Justice Department charges 13 Chinese agents for allegedly spying on U.S.

In one case, prosecutors allege that two suspected Chinese intelligence officials attempted to bribe a U.S. law enforcement officer to be a double agent.

Updated: October 24, 2022 - 4:44pm

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The Justice Department on Monday announced plans to target individuals believed to be acting as spies on behalf of the Chinese government against the United States.

Attorney General Merrick Garland said prosecutors have filed charges in three separate cases against suspected Chinese actors, with three indictments unveiled Monday. 

"The government of China sought to interfere with the rights and freedoms of individuals in the United States and to undermine our judicial system that protects those rights," Garland said. "They did not succeed."

Ten of the 13 people charged are suspected Chinese government agents. Two people were arrested.

Prosecutors allege that two suspected Chinese intelligence officials attempted to bribe a U.S. law enforcement officer to be a double agent to help a Chinese telecommunications company avoid criminal penalties.

The two suspected spies paid the U.S. official about $61,000 for "confidential information regarding witnesses, trial evidence and potential new charges to be brought against [the telecommunications company] for the purpose of obstructing justice," one of the unsealed indictments stated.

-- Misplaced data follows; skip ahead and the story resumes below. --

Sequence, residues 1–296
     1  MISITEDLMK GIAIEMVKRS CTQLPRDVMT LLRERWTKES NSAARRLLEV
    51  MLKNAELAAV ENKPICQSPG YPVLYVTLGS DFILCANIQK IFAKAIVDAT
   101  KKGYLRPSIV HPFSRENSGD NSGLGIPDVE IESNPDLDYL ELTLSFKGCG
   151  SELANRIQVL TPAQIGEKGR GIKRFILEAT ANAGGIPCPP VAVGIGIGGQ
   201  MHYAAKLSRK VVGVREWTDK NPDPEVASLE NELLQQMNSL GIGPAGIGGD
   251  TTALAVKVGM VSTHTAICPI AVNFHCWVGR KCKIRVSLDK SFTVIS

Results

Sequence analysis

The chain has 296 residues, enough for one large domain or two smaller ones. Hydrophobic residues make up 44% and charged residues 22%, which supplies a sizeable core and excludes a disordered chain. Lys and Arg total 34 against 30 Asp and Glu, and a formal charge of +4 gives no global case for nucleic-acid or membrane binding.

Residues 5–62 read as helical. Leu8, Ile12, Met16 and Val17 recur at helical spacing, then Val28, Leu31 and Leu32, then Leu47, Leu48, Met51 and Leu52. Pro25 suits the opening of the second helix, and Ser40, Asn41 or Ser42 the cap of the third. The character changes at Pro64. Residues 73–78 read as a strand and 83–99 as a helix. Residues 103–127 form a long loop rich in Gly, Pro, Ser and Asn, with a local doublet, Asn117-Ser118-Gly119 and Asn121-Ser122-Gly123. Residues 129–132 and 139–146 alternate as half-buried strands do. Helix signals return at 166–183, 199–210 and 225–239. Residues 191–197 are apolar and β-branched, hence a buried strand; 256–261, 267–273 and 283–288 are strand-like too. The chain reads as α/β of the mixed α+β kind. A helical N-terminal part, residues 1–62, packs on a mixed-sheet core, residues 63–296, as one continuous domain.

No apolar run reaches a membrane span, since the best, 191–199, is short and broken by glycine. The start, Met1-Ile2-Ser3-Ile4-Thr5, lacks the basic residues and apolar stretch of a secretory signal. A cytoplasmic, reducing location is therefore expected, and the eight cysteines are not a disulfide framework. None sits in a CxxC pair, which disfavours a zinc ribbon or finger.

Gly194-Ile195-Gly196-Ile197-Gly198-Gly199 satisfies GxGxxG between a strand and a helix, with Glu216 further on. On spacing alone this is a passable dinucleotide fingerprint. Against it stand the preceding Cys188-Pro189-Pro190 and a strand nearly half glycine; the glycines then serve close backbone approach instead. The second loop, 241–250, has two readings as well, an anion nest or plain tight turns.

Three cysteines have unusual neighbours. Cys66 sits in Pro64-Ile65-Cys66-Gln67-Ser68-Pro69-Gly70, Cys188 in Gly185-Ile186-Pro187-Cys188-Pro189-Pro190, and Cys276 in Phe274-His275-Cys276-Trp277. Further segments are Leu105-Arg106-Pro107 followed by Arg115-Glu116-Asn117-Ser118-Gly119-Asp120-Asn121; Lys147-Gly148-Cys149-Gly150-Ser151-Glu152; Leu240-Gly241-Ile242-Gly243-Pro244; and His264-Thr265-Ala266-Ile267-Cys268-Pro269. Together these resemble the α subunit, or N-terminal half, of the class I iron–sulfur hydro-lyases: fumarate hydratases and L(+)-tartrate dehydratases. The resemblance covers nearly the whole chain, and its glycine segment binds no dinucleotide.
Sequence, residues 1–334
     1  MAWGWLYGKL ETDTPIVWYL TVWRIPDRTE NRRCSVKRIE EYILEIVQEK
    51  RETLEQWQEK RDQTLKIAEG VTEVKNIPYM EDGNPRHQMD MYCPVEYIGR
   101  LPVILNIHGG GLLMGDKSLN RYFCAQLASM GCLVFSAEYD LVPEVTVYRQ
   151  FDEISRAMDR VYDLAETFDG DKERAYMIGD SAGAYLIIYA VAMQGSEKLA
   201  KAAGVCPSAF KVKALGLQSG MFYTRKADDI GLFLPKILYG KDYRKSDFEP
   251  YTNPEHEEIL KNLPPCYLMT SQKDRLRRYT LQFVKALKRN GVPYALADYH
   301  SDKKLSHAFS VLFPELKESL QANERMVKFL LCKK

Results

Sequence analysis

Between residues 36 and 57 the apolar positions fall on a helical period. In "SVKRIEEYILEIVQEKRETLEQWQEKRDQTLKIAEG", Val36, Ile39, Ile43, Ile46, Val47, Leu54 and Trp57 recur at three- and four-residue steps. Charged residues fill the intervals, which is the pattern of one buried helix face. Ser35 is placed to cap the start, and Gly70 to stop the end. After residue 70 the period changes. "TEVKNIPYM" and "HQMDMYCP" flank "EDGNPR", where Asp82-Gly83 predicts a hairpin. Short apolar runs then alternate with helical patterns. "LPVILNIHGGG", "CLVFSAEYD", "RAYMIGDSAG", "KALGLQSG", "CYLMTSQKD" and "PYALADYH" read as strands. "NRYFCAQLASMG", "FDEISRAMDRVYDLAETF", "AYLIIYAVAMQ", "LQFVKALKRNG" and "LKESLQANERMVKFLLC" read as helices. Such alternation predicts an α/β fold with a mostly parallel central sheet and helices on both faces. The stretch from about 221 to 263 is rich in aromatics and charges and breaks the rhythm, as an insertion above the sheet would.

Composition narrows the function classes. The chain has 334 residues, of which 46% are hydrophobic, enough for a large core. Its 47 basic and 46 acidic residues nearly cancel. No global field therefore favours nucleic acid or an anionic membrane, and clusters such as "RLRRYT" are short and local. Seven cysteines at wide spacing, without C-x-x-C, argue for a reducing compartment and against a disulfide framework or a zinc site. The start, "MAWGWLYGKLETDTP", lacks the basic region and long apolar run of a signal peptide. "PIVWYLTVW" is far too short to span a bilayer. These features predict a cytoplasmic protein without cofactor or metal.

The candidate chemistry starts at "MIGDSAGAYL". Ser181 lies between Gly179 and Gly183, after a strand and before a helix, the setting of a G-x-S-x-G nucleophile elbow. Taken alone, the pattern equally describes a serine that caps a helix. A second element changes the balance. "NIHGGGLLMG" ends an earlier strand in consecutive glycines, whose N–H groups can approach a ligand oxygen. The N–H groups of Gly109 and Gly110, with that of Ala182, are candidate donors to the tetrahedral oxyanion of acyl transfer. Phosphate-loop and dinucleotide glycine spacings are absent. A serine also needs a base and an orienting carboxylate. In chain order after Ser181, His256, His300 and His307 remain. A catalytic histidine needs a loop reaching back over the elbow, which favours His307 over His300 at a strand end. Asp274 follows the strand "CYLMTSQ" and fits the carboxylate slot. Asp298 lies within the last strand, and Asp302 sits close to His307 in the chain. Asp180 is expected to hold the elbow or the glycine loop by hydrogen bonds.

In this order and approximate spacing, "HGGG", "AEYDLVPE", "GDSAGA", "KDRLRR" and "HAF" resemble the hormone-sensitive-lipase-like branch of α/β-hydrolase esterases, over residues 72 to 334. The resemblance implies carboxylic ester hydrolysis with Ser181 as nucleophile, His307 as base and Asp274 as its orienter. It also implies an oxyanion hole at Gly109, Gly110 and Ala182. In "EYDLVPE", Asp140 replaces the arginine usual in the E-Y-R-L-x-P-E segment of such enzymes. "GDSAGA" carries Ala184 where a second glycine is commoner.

Sources told CNN that the Chinese telecommunications company was Huawei, which has faced United States government restrictions for the past several years.

Charges were also filed related to China's targeting of political dissidents and critics who lived in the United States.

"These indictments of PRC intelligence officers and government officials – for trying to obstruct a U.S. trial of a Chinese company, masquerading as university professors to steal sensitive information, and trying to strong-arm a victim into returning to China – again expose the PRC’s outrageous behavior within our own borders," FBI Director Christopher Wray said.

The Justice Department ended the controversial Trump-era China Initiative earlier this year over concerns about anti-Asian bias and potential problems in academia. The initiative was replaced with a broader "Strategy for Countering Nation-State Threats."

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